There’s a myth that unhealthy foods are delicious, and healthy foods are bland and boring, and ruin your eating enjoyment. But when you think about what you gain from a healthy diet, the transition from “living to eat” to “eating to live” is a bit easier — and tasty!
When it comes to healthy foods, eat more whole foods (less processed) and colourful foods.
Whole foods are foods in their natural, unprocessed state. For example, a simple banana is a whole food, but fried banana chips with salt and sugar are a processed food. Another thing to remember is to keep your meals colourful. Brightly coloured fruits and vegetables are high in carotenoids and antioxidants, which are good for your health as well as your heart. If you’re cooking for your whole family, you can help teach them to enjoy healthy meals.
Examples of Healthy Foods
Fish (e.g., salmon)
As fish goes, salmon does have more calories and higher fat content than, say, tilapia. But salmon is rich in omega-3s, which can be good for you.
When you shop for bread or cereal, look for those made with whole grains, because this retains more of the grain’s nutrients. And broaden your horizons beyond just wheat and oats; try products made with spelt, quinoa and flax, which are often neglected but highly nutritious.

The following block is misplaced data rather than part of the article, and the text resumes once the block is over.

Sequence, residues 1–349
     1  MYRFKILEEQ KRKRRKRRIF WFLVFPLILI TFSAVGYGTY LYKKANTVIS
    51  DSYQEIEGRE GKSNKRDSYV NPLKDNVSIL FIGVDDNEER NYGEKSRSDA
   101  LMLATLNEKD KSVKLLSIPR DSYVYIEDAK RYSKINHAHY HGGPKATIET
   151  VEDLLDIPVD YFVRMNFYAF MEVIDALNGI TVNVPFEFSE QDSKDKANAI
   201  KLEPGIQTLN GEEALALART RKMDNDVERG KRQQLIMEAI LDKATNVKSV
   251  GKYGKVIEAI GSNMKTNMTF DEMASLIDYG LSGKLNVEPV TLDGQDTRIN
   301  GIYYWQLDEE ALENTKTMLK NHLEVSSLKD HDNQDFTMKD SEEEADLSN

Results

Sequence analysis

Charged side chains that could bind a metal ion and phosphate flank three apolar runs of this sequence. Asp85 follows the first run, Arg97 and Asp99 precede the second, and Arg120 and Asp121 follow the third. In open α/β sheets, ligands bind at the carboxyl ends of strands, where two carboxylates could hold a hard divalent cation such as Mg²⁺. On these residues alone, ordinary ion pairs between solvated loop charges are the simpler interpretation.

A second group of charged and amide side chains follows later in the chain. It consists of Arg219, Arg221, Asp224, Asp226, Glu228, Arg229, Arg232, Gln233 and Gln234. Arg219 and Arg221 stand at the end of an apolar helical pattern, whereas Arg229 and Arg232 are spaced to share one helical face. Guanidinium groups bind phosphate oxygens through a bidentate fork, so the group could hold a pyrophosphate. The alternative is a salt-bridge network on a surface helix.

Dark, Leafy Greens
Grab some hearty kale, spinach, collard greens or Swiss chard. These darker choices bring flavour to your salad or sandwich, and they’re packed with nutrients.
Nuts & Seeds
Almonds, walnuts and pecans are packed with protein and omega-3s. These choices are full of flavour for a healthy snack or sprinkled over your yogurt, oatmeal, salad or cereal. As for your cereal, try using almond beverage. Sesame seeds, sunflower seeds and pumpkin seeds are also satisfying snacks and are much more nutritious than a bag of chips.
Blueberries, raspberries and strawberries are nature’s delicious treats. Plus, they deliver antioxidants and other nutrients. Sprinkle some on your cereal or salad.
Some people call this “butter fruit” because of its rich, creamy texture. Avocados are delicious on salads and sandwiches. Even though they’re high in fat, it’s the good kind of fat. They’re also rather high in calories, so eat them in moderation.
You can choose pintos, garbanzos, lentils, chickpeas and lots more varieties. Beans are a great source of protein and make a great side dish to almost any meal.
Apples taste great — even if they’re not baked in a pie. Rinse before you eat, then eat the peel, too, because it’s loaded with antioxidants.
When you drink green tea, you consume antioxidants such as polyphenols. Green tea can be flavoured with just a bit of mint, lemon or honey, and you can drink it hot or cold. Plus, it’s also lower in caffeine compared to other teas and coffee.